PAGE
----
filename, which points to files in that collection folder. You can then add additional annotation columns; LOLA will recognize and use these column names:
- filename (must match files in the collection exactly)
- antibody (for ChIP experiments)
- dataSource (for publication author, database, etc.)
Any other column names will be ignored, so add whatever else you like. You can also feel free to annotate as many or as few columns, and rows, as you wish. LOLA will simply use as much annotation information as you give it, defaulting to identifying a sample with only the file name if you provide nothing else. So, for example, an
index.txt file may look like this:
index.txt annotation files are put inside the collection folder so that a collection is a self-contained entity that can be easily moved.
Example custom database
Your folder hierarchy looks something like this:
- bed files…
Then simply pass the
regionDB/hg19 folder (the parent folder containing your collections) to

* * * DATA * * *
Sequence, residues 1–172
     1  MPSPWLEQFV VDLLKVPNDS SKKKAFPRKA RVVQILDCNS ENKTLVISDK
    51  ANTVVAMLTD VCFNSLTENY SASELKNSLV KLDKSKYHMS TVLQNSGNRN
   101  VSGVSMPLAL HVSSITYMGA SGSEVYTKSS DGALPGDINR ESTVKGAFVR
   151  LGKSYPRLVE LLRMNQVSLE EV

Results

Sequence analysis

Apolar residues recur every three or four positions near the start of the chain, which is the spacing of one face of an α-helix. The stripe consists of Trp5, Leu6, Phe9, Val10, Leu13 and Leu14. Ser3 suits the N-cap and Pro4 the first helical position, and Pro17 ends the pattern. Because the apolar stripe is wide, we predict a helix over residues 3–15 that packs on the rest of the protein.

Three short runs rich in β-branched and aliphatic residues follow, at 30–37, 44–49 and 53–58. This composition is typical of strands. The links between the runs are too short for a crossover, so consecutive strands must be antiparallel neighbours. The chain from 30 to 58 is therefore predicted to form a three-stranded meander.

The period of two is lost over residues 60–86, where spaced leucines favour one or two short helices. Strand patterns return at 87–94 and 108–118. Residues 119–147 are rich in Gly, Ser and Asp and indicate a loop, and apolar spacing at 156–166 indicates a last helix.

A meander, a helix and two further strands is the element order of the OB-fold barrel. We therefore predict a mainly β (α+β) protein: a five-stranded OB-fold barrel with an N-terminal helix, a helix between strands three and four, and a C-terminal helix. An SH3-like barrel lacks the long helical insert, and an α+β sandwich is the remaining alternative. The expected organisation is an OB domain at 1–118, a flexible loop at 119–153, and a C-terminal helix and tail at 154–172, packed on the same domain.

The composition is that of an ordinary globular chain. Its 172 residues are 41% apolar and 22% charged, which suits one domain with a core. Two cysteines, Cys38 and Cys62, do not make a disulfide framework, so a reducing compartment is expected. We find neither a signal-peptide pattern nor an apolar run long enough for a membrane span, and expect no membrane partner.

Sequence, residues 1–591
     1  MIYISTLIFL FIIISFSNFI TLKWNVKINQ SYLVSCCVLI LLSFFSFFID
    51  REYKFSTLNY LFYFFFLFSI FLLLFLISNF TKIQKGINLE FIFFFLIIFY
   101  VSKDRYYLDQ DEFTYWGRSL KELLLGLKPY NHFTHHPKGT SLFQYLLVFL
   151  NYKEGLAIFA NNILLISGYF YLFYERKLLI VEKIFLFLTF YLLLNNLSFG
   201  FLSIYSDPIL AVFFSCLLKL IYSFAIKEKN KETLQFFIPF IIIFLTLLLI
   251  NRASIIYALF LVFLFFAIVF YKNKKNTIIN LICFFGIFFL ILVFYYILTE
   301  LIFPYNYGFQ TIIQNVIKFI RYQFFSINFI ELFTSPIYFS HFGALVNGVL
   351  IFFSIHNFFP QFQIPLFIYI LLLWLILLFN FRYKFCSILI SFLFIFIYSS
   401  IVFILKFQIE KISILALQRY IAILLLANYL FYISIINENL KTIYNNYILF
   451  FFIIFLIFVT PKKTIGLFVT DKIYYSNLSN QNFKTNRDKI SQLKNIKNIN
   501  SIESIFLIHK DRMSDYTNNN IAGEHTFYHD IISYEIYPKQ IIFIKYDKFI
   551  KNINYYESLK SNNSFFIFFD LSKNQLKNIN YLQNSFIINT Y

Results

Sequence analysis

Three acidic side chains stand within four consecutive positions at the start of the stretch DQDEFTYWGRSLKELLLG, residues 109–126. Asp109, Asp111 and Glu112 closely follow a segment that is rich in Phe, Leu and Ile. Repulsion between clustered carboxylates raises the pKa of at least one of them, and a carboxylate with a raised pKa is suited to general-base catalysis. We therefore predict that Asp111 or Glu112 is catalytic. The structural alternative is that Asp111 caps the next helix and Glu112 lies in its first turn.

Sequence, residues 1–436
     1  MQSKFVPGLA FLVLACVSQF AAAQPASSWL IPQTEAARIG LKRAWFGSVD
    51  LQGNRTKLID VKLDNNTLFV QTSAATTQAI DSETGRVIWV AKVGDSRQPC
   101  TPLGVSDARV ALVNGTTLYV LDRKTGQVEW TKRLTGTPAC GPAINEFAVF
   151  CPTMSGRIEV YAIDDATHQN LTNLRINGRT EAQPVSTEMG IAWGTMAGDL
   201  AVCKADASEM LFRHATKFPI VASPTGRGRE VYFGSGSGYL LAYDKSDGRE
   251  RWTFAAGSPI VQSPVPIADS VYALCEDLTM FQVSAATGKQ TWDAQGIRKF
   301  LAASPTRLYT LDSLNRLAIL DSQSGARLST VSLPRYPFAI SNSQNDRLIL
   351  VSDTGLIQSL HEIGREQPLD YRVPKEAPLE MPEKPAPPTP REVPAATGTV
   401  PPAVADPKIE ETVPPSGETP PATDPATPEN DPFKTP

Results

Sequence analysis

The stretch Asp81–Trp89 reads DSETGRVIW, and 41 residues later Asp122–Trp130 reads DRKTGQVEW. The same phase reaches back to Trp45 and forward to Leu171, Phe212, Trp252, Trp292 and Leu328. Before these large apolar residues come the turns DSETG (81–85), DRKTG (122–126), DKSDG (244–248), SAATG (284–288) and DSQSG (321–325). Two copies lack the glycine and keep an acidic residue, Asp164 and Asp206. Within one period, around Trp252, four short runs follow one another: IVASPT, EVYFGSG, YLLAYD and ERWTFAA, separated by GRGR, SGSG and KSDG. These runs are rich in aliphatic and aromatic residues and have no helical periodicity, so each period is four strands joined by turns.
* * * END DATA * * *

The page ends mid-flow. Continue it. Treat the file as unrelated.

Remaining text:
loadRegionDB() and it will automatically read and annotate your region collections.
Your region files really just need the first 3 columns to be chr, start, and end – no need to follow exact bed specifications.
Your files don’t have to end with
.bed– just make sure they are text files. Right now there’s no gzip file reading, but this may change in the future.
You don’t have to annotate each file in a collection in the same way, but it’s helpful. Just put in whatever you have and LOLA will default to file name for files you don’t annotate better.
You could create your initial
index.txtfile by executing
ls > index.txtin a collection folder. Now, add a first line containing
filename, open in spreadsheet software, and start annotating!
You could stick other annotation files in the parent collection folder if you want. LOLA will ignore them.
On first load of a collection, LOLA will automatically produce a file called
sizes.txtcontaining the size of each set.
Make sure all files in a collection, and all collections in parent folder, use the same reference genome.
If you have a single file with different collections (like a segmentation), you can use a function
splitFileIntoCollection()to divide it into separate bed files so LOLA can understand it.